Carbohydrates are found in all plant produce and plant based products as well as dairy and dairy products. Meat products contain no carbohydrates at all. It should be noted, however, that some processed meat products can contain carbohydrates due to the treatment and processing processes where sugar might have been added.
Carbs are the body’s main source of energy and are broken down in the bloodstream to form glucose, which fuels the body.
Carbs consists of three main categories:
Sugars are found in most fruits and vegetables and dairy products. The most common forms of sugar are fructose, found in fruit; lactose, found in dairy, and sucrose, which is commonly found in sugar cane and processed sugars.
Sugars are generally referred to as simple carbs, meaning that they are broken down much quicker in the body than a complex carbs.
Starch, on the other hand, is a complex carb, meaning that the body takes longer to break it down. Starches are generally vegetables, grains and legumes.
Dietary fibre is present in most foods, but it cannot be digested by the body. Dietary fibre is vital in keeping your digestive system clean and healthy and it aids in maintaining cholesterol levels.
SIMPLE VS COMPLEX CARBS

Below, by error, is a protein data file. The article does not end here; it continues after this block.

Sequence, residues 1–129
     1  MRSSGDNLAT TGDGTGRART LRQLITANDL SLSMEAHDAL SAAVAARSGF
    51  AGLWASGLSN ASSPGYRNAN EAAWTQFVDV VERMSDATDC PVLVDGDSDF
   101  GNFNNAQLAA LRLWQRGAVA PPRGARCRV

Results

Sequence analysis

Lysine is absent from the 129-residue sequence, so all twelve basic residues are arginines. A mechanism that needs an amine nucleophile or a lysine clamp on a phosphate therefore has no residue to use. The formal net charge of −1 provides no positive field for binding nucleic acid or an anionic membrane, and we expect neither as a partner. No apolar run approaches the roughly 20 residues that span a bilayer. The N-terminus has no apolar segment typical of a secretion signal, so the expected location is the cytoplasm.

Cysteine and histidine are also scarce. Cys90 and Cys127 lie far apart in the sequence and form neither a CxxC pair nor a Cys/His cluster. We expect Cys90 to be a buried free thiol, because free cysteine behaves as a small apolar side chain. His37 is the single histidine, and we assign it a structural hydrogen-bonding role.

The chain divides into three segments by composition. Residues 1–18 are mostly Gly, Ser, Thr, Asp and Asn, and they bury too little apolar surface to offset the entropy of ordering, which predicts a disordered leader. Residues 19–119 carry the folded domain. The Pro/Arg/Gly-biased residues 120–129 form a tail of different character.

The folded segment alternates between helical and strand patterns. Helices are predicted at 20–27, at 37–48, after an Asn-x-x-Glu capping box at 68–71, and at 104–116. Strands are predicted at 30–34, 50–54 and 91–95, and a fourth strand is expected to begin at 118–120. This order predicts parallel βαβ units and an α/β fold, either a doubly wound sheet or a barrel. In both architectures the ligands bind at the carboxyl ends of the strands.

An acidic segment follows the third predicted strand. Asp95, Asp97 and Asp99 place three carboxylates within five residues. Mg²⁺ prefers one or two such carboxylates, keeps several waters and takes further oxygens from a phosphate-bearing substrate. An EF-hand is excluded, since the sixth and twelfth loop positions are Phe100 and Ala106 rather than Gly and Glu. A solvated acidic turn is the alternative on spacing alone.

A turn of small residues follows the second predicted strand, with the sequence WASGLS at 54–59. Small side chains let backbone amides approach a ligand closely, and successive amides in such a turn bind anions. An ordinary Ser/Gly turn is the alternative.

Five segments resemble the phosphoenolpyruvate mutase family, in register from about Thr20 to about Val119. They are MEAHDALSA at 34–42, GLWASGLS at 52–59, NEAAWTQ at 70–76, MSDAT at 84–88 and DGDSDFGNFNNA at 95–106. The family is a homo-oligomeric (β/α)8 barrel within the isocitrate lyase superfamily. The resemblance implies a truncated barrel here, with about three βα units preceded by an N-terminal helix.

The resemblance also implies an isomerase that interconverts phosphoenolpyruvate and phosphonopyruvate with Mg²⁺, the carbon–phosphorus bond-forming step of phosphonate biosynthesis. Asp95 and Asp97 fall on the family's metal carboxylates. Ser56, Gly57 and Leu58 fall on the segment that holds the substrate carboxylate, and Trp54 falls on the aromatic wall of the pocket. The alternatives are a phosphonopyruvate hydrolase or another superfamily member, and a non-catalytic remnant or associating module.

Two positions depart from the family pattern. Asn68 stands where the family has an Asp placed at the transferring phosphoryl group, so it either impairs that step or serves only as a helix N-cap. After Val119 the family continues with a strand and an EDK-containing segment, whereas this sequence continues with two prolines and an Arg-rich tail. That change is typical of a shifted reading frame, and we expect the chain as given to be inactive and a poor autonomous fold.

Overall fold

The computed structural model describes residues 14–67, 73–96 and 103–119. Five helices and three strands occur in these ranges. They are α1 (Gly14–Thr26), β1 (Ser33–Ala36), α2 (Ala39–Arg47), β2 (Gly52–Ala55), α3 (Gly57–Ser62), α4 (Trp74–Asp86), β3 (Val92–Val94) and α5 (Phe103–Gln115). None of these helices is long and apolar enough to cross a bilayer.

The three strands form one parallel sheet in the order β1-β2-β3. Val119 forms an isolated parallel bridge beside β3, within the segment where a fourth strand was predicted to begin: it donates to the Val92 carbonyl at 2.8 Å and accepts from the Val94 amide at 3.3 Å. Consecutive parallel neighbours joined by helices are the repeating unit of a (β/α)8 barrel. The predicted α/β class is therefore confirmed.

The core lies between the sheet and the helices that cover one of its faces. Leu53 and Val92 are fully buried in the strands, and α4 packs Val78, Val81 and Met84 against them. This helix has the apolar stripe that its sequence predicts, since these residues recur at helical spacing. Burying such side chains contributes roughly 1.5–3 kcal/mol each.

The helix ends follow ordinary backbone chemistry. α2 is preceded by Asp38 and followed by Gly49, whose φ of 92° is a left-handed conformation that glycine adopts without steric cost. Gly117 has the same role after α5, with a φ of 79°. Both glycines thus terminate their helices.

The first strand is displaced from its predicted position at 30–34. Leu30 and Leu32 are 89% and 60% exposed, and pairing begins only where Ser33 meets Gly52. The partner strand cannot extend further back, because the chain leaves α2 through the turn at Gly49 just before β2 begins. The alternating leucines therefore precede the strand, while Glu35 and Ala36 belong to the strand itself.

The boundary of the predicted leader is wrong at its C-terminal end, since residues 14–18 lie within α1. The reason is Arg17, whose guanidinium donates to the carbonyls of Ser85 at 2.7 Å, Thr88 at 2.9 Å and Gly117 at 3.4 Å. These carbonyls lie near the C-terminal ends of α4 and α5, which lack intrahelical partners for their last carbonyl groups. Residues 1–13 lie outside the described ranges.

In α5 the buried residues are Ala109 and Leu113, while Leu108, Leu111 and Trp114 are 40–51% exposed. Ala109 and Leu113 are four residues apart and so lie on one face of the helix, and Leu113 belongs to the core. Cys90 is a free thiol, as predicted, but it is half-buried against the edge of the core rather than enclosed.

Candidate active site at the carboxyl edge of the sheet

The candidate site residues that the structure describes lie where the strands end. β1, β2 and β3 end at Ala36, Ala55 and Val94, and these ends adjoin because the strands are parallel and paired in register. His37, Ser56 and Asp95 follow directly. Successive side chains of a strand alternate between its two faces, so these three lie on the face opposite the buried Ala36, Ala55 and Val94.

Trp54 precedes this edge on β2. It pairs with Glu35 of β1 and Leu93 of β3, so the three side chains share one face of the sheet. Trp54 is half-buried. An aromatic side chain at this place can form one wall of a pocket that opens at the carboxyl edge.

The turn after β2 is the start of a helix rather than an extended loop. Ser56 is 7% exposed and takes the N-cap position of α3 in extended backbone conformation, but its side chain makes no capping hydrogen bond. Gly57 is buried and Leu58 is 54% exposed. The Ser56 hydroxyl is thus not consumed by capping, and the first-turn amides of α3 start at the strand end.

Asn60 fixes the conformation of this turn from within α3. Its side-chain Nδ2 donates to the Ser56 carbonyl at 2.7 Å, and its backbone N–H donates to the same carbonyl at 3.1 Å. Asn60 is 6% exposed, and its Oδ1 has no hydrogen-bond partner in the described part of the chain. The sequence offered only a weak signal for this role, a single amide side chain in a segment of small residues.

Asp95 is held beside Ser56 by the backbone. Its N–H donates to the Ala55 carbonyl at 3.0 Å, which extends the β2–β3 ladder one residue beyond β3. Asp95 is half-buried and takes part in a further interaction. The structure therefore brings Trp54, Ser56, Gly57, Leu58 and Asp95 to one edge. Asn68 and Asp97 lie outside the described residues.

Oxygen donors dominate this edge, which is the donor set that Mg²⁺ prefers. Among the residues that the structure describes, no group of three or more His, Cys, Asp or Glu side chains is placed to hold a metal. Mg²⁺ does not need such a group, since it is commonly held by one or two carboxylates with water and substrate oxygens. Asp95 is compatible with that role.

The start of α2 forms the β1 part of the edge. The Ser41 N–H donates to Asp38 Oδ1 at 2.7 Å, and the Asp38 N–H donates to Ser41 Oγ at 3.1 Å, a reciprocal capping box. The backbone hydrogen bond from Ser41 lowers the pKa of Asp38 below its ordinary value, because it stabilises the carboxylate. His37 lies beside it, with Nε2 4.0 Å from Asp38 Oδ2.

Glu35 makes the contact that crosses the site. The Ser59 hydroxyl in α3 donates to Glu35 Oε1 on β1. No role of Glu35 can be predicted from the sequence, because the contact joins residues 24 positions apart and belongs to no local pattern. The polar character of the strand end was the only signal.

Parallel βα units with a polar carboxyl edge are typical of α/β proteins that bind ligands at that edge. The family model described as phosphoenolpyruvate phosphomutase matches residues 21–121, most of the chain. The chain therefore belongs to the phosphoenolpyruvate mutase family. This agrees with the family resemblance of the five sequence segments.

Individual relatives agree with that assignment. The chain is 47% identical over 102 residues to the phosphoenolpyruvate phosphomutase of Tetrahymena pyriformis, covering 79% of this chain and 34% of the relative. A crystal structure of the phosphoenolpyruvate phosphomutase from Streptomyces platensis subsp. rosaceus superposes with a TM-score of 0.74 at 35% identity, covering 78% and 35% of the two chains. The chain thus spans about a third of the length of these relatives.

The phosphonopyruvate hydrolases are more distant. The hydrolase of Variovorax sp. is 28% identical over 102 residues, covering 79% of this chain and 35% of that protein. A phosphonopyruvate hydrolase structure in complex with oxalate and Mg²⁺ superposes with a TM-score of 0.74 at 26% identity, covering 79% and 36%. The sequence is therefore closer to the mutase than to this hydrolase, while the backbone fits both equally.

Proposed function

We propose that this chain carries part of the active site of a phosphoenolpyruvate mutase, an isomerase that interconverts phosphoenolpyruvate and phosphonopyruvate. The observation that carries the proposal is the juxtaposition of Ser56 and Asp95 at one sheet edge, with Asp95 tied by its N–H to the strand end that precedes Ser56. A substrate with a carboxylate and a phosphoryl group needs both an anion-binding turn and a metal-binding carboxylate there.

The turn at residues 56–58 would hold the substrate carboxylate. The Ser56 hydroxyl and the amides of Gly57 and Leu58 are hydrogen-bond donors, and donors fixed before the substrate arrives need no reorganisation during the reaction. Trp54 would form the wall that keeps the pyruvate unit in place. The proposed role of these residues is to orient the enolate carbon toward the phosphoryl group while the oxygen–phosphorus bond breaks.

As mentioned, sugars are referred to as simple carbs, while starches are considered complex carbs. But which is which and how do I identify simple from complex?
Simple carbs are found in fresh fruits and processed products that can be quickly and easily absorbed into the bloodstream. A fast and simple rule to recognise a simple carb is by its texture. Soft fruits typically lack rough fibres, as do most processed foods such as refined sugar, honey, syrup, sweets and candy, white bread, processed grains such as white rice, cakes and desserts etc.
Complex carbs, or starch, typically are high in fibre and therefore take longer to be broken up into the bloodstream. Examples of starches are whole wheat grains, starchy vegetables such as potatoes and sweet potatoes, legumes and whole wheat breads and cereals.